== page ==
A boot, a hat, a lost dog, a red herring…
Travelling via books is one of life’s pleasures. Discovering new places is inspirational. Reading about locations that you might have visited is even more exciting. I was attracted by a brief write-up on the cover of Marit Reiersgaard’s The Girl with no Heart / Jenta uten hjerte, published originally in 2014 by Gyldendal, and nominated for the prestigious Riverton Prize, a literary award given annually to the best Norwegian crime story. I was interested in both the premise of the novel and the references to Tranby, a small town located east of Oslo. I am aware of the area yet I was not familiar with the Obelisk and its origins but now had a chance to find out more. Here in the novel the monument features both as a crime scene and a symbol of past and modern morality, touching on the conscience of people who have lived with various secrets in their lives, and made choices according to what influenced them most or had power over their emotions.
The story begins with two separate crimes happening in close distance one winter morning. A body of a fifteen-year-old murdered Idunn Olsen has been found in the snow near the large obelisk outside the quarry in Lier. Idunn was returning from a party where something has gone wrong as police received calls from people complaining about disturbances. Afterwards the young people who had attended the party were strangely reluctant to answer any questions and as the interviews brought little useful information the search for the killer does not seem to progress much. Close by another death was reported, of an elderly woman who was discovered in a house burned to the ground. There might have been connection between two crimes due to an unexpected appearance of a local man Agnar Eriksen who had spent time in prison for an attempted murder of his mother but now on his way to freedom.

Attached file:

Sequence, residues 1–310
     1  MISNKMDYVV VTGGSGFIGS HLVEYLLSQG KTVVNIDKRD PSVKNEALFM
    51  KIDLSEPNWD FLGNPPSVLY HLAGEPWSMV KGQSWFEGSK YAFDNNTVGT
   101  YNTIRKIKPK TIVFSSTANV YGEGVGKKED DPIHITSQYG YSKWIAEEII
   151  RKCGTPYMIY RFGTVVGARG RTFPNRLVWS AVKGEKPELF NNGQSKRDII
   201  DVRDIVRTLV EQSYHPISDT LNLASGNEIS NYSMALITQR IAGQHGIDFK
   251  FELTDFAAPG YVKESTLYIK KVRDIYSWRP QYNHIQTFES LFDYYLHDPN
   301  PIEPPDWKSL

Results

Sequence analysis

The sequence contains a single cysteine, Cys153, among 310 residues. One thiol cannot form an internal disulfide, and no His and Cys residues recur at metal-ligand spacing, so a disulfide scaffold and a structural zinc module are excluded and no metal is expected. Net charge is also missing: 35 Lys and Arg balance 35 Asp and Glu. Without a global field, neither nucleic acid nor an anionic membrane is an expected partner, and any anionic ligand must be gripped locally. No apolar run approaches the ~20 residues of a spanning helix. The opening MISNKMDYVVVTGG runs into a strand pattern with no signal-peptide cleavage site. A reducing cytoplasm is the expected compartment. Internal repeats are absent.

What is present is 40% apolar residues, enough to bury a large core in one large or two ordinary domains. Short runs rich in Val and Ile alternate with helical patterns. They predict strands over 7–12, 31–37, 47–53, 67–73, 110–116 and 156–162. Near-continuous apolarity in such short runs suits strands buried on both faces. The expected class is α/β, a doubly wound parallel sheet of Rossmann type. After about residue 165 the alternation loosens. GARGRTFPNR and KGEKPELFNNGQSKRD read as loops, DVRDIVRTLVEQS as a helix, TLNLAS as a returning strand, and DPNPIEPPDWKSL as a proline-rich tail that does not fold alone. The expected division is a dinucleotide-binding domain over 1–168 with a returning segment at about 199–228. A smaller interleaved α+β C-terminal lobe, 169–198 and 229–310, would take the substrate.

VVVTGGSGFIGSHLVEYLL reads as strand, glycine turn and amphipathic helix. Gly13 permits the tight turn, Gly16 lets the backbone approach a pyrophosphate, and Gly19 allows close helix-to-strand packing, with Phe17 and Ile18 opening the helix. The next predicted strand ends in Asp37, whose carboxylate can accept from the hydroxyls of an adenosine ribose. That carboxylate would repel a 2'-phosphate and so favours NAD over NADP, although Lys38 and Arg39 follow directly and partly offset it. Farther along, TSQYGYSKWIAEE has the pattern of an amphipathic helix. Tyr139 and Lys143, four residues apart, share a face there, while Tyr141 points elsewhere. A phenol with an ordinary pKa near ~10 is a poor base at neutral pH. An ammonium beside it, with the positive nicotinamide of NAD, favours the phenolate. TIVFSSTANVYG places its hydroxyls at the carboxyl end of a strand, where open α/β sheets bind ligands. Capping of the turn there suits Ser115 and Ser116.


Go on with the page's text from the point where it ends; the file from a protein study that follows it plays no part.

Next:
Relationship between the main detectives Verner Jacobsen and Bitte Røed evolves as the story progresses, and it is fascinating to watch how they both deal with personal and family issues, and even the ‘office politics’. Nuanced and delicately balancing on the line of attraction and respect for each other, their rapport shines light on insights into wounded souls. Verner’s anxiety after having just lost his only son Victor to cancer has huge impact on his professional approach to interviewing a young suspect Fredrik Paulsen, and then Marte Skage, a girl deeply traumatised by continuous bullying. Not only Verner is affected by the recent events but also feels troubled by not really knowing Victor properly. A theft of a hearse with the coffin on the day of the funeral shifted his personal grief into the realms of challenging police work. On the other hand, Bitte’s different attitude and a fledgling romance with Marte’s father Kristian, a journalist and a second person of interest, places her in a difficult and ultimately dangerous situation.
With genuine compassion the author deals with disturbing subjects of long-lasting effects of bullying and of abuse with sensitivity and understanding, not shying from some upsetting aspects which give enough context to internal turmoil experienced by those mostly affected. Cruelty seems to know no bounds, especially when it is hidden under the surface of politeness, ordinary activities, or fear of being exposed. Desperate acts of self-harm remain concealed beneath and trigger emotional blackmail. Close connections within the small community add interest and drama to the portrayal of various people who know or are aware of one another, and so the shocking finale would no doubt disturb many moral compasses.
Paul Norlen’s translation suits the flow of the initial measured tempo and reflections on the widely understood meaning of life, until the pressure of the investigation grows and intensified emotions are getting closer to exploding. Reiersgaard’s elegant confident style comes across very well, with some phrases describing the mood instantly: ‘He knew that he had winter in his face and heavy bags under his eyes.’
The landscape plays an important role and Reiersgaard expertly maintains tension by describing the neighbourhood that she knows so well. The town of Tranby or the police station in nearby Drammen does not feature strongly in the Norwegian crime fiction that has been translated into English. Karin Fossum’s series about Inspector Konrad Sejer is set in the neighbourhoods around Oslo and in Drammen though I do not think that name is explicitly mentioned. As Marit Reiersgaard puts this place firmly on the map of crime-worthy locations in the contemporary literature, I would strongly recommend that you get to know the girl with no heart here and the other girls that become a focus of intriguing mysteries.